2) The Mayor's proposal permanently connects the budget of all unincorporated areas. We are already paying too much. Our municipal services taxes and costs are higher than all other cities in the valley except SLC. If the Mayor would allow each township its own budget and tax levels - perhaps. But he won't. The main driver for this is to enable him to shift money around the valley.

3) We forever give up the right of self determination. You can no longer be annexed into an adjacent city like our group is trying to do. You can no longer incorporate if that is what is best for your neighborhood. You accept a permanent pretend caretaker government that is expensive and not accountable to the people. Instead we should be encouraging self determination. Let neighborhoods choose to go wherever they want to go.

jcbrad
Salt Lake City, UT

Our area doesn't share the author's view of their community. It thinks its part of Holladay, not Millcreek Township, Millcreek City, or some new McAdams super city comprised of all the leftovers. We should be able to go where we want to go.

Pro
Salt Lake, UT

This article is misleading! The mayor is trying to put through a bill that would make all of the various unincorporated areas of Salt Lake County into a quasi city with him as the mayor of both the county and this city. He wants to change the law that requires a city to be a contiguous body. You can see the fallacy of this proposal. It creates several unfair conditions for the unincorporated citizens.
1-It creates a conflict of interest for the mayor of both entities
2-It gives each area a voice but they have to compete for budget funds with folks that have no common bond.
3-It leaves him with the power to veto the wishes of the citizens of specific areas.
4-It creates a nightmare to administer services. It loses the efficiencies of scale when serving such large and disparate communities.
5-It permanently siphons the money from the Millcreek area to other unincorporated areas.
6-It attempts to create an “Incorporation” model and uses the reasons for incorporation without really incorporating.
The simple resolution is to let/encourage the areas of the unincorporated county to incorporate or to annex to a neighboring city. Local budget-Local control.

lahlah
SALT LAKE CITY, UT

Incorporation could protect our borders from further annexation into Holladay and possibly Murray.

That it will be a tax windfall savings, is bogus. The comparison to Holladay does not account for the fact that Holladay City contracts for "bare bones" services with the UPD. They do not pay for SWAT, Forensics and other services. The ratio of officers to population is more population to single officer than in Millcreek Township. The cost of starting a new City will mean taxes to pay for Economic Development, infrastructure and the many "wants" that residents have wanted. Cottonwood Heights Police department is under funded. Taylorsville recently increased taxes for Economic Development. Holladay has a 6% franchise tax on some utilities. Incorporators do not play fair when it comes to the tax issues and what we receive in return. If they would be honest I might support Incorporation, but until they shoot straight on the tax issue, they lack credibility.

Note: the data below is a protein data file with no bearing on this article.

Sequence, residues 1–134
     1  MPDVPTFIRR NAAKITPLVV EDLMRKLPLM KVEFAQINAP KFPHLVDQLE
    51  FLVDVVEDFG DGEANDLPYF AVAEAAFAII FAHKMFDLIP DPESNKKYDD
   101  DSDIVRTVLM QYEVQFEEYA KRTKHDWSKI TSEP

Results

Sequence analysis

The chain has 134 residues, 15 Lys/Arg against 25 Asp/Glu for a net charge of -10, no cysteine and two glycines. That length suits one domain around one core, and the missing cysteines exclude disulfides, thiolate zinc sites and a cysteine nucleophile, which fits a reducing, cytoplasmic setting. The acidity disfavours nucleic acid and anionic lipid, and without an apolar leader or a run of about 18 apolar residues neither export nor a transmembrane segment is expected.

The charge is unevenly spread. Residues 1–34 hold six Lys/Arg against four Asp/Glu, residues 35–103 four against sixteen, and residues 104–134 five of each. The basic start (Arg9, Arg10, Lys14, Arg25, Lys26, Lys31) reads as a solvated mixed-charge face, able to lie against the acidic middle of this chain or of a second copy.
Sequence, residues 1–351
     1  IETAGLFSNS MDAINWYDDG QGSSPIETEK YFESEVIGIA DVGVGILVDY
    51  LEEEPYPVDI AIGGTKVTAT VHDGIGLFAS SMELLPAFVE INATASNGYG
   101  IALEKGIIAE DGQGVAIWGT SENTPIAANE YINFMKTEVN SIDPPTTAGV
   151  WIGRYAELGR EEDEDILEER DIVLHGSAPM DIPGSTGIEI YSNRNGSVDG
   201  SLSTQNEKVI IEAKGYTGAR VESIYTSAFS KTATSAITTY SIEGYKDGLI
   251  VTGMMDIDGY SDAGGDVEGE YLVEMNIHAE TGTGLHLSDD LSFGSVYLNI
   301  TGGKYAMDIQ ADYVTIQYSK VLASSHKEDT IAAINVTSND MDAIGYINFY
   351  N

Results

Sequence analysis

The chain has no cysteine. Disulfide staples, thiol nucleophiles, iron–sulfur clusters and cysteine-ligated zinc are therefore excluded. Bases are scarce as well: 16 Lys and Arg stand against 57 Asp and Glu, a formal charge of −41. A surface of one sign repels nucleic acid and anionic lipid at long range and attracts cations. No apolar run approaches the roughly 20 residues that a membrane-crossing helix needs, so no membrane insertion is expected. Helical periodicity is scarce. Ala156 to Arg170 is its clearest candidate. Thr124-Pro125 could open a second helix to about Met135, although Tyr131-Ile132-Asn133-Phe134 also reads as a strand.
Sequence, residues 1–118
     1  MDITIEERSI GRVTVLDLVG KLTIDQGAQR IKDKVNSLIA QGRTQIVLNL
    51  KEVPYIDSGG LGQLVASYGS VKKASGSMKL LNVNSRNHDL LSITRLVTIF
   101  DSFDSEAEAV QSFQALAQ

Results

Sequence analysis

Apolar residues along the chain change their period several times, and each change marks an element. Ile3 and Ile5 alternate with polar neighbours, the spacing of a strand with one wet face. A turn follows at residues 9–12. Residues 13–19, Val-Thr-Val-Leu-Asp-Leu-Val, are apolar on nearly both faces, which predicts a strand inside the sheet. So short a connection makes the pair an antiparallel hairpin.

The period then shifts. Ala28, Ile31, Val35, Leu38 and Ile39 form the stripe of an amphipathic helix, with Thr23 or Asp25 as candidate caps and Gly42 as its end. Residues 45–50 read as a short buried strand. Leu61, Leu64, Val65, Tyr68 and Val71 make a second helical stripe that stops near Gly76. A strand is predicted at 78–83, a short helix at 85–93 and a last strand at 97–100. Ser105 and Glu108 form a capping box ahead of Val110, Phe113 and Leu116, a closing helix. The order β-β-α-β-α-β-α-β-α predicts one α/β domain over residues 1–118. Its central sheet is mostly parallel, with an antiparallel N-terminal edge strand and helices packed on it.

lahlah
SALT LAKE CITY, UT

@AmyJ: "I'm surprised the authors are still under the belief that the County is being efficient with our tax dollars when taxes were raised two days following the last election." This argument has been used to persuade residents that their taxes would not have gone up had we incorporated. Not true. This tax increase by the County was for the General Fund and was a County wide increase for all incorporated and unincorporated communities. Salt Lake City to Draper and Bluffdale, all property owners receive the same tax increase.

Maybe incorporation could win out - even if it doesn't mean a tax savings. How many times have voters heard politicians say "no more taxes" or "I will reduce your taxes". I believe most people are fine paying taxes if they can see a cost benefit and return with quality services as we receive from the County. Sure, let a new city lower taxes, but at what cost to services? How long will it last? Ask Talorsville City how many tax increases they have had since incorporation? And, you want our own school district too?

penny 4 thoughts
SALT LAKE CITY, UT

The flyer I received on my doorstep from those in favor of incorporation is misleading. The tsx charts don't show any actual numbers so it is impossible to know where Millcreek's taxes really stand compared to other incorporated cities. I find this to be deceptive. It also lists the Unified Fire Authority and Unified Police as 'layers of government.' These are services, not 'layers of government.' At first I was in favor of Millcreek's incorporation, but I have changed my mind. I am sorry I signed the petition for another feasibility study to be done. Also, one more thing: did anyone spell check the flyers before sending them out? 'Consistantly' is actually spelled 'consistently.' Poor reflection on the pro-incorporation people.